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Jainism

Twenty-Four Tirthankaras

Just as Buddhism is associated with Buddhism. Lord Mahavir is linked to Jainism. However, most people are not aware that Jainism existed before Mahavir. However, his teachings were based on those of his predecessors. Thus, unlike Buddha, Mahavir was more of a reformer and propagator of an existing religious order than the founder of a new faith. In jainism there are twenty-four tirthankars and they are: 

1) Shri. Rishab dev
2) Shri. Ajit nath
3) Shri Sambhav nath
4) Shri Abhinandan swami
5) Shri Sumati nath
6) Shri Padam prabhu
7) Shri Suparash nath
8) Shri Chandra prabhu
9) Shri Suvidhi nath
10) Shri Sheetal nath
11) Shri Shreyans nath
12) Shri Vasu pujya swami
13) Shri Vimal nath
14) Shri Anant nath
15) Shri Dharam nath
16) Shri Shanti nath
17) Shri Kunthu nath
18) Shri Aarnath
19) Shri Malli nath
20) Shri Munisuvrat Swami
21) Shri Naminath
22) Shri Neminath
23) Shri Parasav nath
24) Shri Mahavir swami

According to the principles of Jainism, all Tirthankaras were born as human beings but they have attained a state of perfection or enlightenment through meditation and self-realization. Tirthankaras are also known as Arihants or Jinas.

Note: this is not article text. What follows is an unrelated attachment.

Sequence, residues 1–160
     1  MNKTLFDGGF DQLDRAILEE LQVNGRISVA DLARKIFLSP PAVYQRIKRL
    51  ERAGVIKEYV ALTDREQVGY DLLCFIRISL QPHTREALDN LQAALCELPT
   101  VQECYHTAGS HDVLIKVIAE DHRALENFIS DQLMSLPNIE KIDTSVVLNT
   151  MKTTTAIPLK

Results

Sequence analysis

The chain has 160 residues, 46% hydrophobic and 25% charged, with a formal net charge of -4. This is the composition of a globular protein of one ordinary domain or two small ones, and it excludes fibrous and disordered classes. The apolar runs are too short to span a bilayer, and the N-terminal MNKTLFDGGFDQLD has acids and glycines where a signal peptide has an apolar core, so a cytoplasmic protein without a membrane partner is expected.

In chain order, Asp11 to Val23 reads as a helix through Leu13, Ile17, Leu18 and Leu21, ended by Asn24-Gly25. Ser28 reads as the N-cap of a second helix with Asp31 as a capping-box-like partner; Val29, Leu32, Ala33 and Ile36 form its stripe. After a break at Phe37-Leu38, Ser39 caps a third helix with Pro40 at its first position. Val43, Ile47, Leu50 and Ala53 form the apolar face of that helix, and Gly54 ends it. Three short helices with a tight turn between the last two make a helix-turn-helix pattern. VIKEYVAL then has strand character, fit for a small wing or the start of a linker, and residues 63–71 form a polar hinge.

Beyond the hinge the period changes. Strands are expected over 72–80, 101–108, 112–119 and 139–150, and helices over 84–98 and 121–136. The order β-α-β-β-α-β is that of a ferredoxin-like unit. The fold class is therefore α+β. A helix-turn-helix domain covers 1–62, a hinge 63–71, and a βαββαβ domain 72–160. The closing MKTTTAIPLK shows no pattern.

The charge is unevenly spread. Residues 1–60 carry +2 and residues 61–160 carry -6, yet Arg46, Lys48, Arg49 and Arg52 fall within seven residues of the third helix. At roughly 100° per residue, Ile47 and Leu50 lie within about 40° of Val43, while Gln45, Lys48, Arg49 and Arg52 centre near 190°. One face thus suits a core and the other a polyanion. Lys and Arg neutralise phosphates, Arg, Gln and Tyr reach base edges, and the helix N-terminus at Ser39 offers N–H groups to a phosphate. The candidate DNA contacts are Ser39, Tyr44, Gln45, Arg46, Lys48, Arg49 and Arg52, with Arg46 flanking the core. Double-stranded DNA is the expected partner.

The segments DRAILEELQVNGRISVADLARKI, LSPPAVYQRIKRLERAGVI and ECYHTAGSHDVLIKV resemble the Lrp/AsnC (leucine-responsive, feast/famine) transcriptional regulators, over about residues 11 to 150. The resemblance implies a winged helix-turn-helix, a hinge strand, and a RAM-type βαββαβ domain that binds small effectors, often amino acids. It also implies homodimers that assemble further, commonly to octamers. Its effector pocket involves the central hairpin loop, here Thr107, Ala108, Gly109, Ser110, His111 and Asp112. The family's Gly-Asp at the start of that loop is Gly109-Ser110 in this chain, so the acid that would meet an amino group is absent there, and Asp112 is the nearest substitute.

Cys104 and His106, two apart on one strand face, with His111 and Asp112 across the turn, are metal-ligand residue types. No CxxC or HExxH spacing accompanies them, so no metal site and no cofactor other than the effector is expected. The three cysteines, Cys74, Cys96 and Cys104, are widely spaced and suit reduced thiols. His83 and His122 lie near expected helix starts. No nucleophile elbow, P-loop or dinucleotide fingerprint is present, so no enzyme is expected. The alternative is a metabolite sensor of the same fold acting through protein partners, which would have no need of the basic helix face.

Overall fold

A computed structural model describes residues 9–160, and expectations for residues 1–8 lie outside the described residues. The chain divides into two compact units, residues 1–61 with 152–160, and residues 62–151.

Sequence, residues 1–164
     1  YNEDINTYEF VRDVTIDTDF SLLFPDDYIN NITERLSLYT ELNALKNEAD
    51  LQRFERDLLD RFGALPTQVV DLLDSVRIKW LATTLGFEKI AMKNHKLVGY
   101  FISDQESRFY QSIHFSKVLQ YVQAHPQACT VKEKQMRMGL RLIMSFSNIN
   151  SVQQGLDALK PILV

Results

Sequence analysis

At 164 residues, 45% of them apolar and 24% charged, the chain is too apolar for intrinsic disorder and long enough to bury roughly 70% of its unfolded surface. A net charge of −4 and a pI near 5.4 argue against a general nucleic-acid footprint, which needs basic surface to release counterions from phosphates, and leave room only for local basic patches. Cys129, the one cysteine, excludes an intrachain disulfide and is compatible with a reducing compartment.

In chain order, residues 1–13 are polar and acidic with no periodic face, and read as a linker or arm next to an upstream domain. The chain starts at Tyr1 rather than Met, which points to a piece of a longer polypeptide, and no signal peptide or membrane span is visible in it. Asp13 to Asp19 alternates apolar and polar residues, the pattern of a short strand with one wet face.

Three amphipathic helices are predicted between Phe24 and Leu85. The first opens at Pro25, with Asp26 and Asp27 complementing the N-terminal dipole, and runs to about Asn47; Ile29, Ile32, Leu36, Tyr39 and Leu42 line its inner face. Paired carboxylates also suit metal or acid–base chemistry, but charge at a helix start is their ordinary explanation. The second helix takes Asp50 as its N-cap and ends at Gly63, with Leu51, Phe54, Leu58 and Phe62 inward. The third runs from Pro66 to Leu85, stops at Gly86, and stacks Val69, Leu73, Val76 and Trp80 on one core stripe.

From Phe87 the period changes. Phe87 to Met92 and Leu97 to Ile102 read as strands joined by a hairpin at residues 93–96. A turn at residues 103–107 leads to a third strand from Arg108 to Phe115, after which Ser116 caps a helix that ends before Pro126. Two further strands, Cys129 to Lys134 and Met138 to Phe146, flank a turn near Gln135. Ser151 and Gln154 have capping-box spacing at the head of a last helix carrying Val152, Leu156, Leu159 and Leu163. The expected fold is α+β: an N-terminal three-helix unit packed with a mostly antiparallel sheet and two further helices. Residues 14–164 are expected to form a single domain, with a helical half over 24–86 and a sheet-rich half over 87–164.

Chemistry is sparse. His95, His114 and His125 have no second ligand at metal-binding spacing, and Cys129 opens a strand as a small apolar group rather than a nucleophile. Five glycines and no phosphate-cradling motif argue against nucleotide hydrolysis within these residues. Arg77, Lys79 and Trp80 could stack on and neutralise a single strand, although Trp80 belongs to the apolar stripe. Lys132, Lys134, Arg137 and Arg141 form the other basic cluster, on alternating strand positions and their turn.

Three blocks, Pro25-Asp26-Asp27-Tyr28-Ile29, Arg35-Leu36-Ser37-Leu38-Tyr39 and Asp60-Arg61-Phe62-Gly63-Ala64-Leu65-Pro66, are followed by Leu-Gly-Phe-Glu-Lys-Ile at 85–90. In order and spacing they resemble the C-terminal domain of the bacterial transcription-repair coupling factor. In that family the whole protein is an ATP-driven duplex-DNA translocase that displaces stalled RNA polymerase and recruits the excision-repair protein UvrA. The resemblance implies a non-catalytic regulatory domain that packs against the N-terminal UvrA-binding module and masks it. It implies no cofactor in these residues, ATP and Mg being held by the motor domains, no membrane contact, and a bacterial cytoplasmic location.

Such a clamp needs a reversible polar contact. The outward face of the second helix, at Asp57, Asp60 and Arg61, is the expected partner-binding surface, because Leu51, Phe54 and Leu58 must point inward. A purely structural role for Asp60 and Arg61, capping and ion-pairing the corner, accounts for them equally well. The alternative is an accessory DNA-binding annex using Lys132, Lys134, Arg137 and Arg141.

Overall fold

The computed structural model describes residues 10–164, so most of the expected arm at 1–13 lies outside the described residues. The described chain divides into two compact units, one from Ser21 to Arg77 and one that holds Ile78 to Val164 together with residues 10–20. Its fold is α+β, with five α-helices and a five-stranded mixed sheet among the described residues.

Lord Mahavir

Lord Mahavir and Gautam Buddha have a remarkably similar history. Like Gautam Buddha, Mahavir too was from a royal family. He was born in 599 B.C. as a prince in Bihar. At the age of 30, he renounced his family and his luxurious life and became a monk. He spent the next twelve years in deep silence and meditation in a bid to overcome his material desires and baser feelings. He went without food for days at a stretch. He tried his best to avoid harming other living beings including animals, birds, and plants. At the end of twelve years, he realized perfect perception, knowledge, power, and bliss. This realization is known as keval-jnana. 

Once he had achieved enlightenment, he devoted the next thirty years of his life travelling barefoot around India preaching his message of eternal truth to the people. His teachings crossed all barriers, rich and poor, kings and commoners, men and women, princes and priests, touchables and untouchables.
 

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